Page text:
Successful pools follow a principles-based approach to investment management, focusing on launching new products or asset classes only when a minimum investment size is met. Gradually building these capabilities, with full partner fund buy-in, is essential for strategic growth.

3) Selecting the right outsourcing partner to enable long-term growth

During the inception phase of LGPS pooling, it is fair to say that some TPAs struggled to grasp pool-specific needs, offering only standard go-to-market solutions. However, leading TPAs now present increasingly tailored models that precisely meet pool requirements, creating a compelling rationale for outsourcing.

By partially or fully outsourcing back and middle office functions, pools harness best-in-class services and TPA scale, reducing costs, and sidestepping further in-house investment.

Successful pools analyse and identify outsource partners capable of; fulfilling detailed requirements which align with the wider strategy, nurturing close relationships, and developing a deep understanding of each other’s businesses, paving the way for future collaborative propositions.

What are the common pitfalls when pooling?

Although we would advocate that there is no set ‘formula’ to succeed in pooling, there are several pitfalls we have observed that should be avoided.

1) Trust and clarity are key between pools and partner funds

A successful LGPS pool consolidation hinges on trust and clarity, from execution of strategy to day-to-day operations. To ensure efficient and empowered operations, it is vital to establish well-defined boundaries. Legal agreements, clearly outlining terms and responsibilities, must be agreed upon by all partner funds for a seamless and fruitful collaboration. Without trust in their pool counterparts, partner funds risk a breakdown of the structure, hindering the realisation of the pool’s full potential. By prioritising trust and defining roles, pooling can thrive, unlocking benefits for all stakeholders involved.

2) Inefficient and fragmented operating models limit potential scale benefits

Pooling offers significant benefits through streamlined operating models, but certain examples in the market show that pools struggle to realise this across their entire operating model. If not done with careful consideration, outsourcing can lead to a loss of scale benefits and increased complexity with parallel operating models due to multiple outsourced partners. Over-reliance on in-house solutions, driven by legacy decisions or existing contracts, may hinder outsourcing opportunities for specialised services. Failing to outsource such services efficiently can result in preventable costs and inefficiencies.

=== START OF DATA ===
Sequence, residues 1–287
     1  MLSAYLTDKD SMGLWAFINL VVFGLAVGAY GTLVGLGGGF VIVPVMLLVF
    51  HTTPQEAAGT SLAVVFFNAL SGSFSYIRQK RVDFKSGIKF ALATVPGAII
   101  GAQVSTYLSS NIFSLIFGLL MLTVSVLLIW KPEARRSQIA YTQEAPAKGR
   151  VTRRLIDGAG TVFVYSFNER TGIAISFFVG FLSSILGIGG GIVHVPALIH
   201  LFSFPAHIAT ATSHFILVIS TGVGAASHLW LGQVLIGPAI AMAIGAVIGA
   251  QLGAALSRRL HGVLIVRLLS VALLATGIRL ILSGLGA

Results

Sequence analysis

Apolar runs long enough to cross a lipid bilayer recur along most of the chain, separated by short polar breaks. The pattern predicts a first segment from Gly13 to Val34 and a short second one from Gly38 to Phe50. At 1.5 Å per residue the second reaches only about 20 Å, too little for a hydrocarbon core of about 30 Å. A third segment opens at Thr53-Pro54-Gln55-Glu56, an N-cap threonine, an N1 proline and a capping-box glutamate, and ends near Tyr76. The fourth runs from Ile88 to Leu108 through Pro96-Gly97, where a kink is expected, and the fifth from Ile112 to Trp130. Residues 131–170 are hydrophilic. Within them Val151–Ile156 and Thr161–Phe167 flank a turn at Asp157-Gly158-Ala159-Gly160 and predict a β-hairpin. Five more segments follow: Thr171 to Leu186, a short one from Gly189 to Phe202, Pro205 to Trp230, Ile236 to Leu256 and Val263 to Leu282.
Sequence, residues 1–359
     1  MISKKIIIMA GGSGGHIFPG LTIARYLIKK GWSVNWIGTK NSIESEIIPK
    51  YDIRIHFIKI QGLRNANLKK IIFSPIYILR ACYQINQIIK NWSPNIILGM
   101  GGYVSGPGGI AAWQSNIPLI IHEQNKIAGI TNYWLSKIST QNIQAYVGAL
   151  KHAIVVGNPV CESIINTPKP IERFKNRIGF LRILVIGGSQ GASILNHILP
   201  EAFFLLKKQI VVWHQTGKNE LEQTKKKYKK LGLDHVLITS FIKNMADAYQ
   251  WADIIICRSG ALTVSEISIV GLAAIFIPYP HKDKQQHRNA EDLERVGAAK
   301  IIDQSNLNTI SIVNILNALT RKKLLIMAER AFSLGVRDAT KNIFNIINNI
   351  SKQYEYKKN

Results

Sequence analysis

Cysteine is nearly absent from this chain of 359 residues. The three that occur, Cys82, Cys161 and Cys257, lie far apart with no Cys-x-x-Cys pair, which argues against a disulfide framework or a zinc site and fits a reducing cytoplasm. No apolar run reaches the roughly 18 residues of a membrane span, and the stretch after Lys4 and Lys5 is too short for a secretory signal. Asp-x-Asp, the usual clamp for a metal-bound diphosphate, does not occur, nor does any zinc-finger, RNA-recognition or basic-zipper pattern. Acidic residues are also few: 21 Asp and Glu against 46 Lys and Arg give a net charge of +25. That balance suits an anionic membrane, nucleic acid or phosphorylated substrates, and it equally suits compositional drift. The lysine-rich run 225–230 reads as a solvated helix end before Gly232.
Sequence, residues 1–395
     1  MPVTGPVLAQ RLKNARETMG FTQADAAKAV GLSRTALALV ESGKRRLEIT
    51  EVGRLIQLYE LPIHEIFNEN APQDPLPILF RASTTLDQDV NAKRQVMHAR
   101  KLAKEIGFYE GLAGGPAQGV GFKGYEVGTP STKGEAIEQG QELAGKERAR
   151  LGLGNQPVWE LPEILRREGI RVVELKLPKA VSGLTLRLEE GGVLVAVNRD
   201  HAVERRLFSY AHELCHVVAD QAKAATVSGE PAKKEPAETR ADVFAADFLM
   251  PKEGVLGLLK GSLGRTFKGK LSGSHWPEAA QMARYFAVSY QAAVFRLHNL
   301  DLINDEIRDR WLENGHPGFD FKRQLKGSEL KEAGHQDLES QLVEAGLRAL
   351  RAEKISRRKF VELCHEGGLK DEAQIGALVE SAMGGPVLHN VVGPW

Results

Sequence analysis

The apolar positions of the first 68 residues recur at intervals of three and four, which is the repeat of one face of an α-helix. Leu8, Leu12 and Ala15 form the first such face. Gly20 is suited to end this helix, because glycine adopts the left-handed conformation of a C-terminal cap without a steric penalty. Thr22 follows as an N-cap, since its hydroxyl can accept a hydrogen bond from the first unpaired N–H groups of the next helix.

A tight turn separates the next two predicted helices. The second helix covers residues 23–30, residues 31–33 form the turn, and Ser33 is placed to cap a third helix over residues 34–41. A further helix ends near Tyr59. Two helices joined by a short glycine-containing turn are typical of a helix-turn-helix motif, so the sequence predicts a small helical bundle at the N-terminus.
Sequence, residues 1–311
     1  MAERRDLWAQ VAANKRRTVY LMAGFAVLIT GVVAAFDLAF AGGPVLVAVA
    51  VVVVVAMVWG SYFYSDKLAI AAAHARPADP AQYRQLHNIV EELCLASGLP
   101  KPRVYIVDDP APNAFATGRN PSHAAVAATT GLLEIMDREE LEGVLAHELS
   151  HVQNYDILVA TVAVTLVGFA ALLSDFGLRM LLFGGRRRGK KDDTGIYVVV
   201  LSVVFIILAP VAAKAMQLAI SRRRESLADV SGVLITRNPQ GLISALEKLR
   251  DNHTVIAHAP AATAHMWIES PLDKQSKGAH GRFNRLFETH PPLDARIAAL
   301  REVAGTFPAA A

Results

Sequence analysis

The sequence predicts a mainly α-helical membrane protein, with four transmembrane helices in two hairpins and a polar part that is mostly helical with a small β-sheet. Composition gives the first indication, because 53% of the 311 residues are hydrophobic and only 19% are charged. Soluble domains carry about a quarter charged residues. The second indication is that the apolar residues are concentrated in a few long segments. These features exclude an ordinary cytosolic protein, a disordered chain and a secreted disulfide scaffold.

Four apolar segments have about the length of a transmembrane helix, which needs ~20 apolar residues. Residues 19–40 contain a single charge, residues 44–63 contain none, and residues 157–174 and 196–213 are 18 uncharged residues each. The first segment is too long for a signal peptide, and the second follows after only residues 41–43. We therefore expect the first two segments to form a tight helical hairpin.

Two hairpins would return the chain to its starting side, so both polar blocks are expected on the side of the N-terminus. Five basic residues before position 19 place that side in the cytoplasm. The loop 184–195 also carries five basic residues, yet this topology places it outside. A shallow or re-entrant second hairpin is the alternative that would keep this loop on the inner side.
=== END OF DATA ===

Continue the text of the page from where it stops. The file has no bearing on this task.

To avoid this trap and optimise operational spending, periodic strategic reviews are essential. By assessing and aligning operating models with scalable requirements, LGPS pools can realise their full potential and capitalise on the benefits of consolidation.

In Summary

Considerable progress has been made toward the criteria the Government laid out in 2015. Pooling has enjoyed a lot of success and when done well, can unlock a raft of benefits for all stakeholders that were not previously achievable. With an eye on the horizon, it is important for pools to continue to grow and adapt to not fall behind. With an opportunity for further consolidation possible, now is a good time to plan ahead.

Please do get in touch with Nick Barbone ( to find out more and discuss how we could help you further.

About the Authors

Nicholas Barbone

Nick has over a decade of consulting experience and has built a reputation for the leadership of large-scale transformational change programmes globally across the asset & wealth management industry. Within Alpha, one of Nick’s responsibilities is leadership of Alpha’s Asset Owner Practice, and he has significant experience advising a wide range of Asset Owner clients.

Ed Gaffney
Senior Manager

Ed is a Senior Manager with more than 10 years of experience leading complex delivery and transformation in asset & wealth management. A member of Alpha’s Asset Owner Practice, Ed has worked with a number of Asset Owner clients to deliver large scale change, including target operating model design and implementation and third party administrator selection. Ed has further specialism supporting Real Assets and ESG & Sustainability.

Henry Holden

Henry has 5 years of industry and consulting experience, supporting the delivery of large-scale change projects for asset managers covering a range of topics, including data architecture & and operating model design, third party manager outsourcing and investment platform assessment.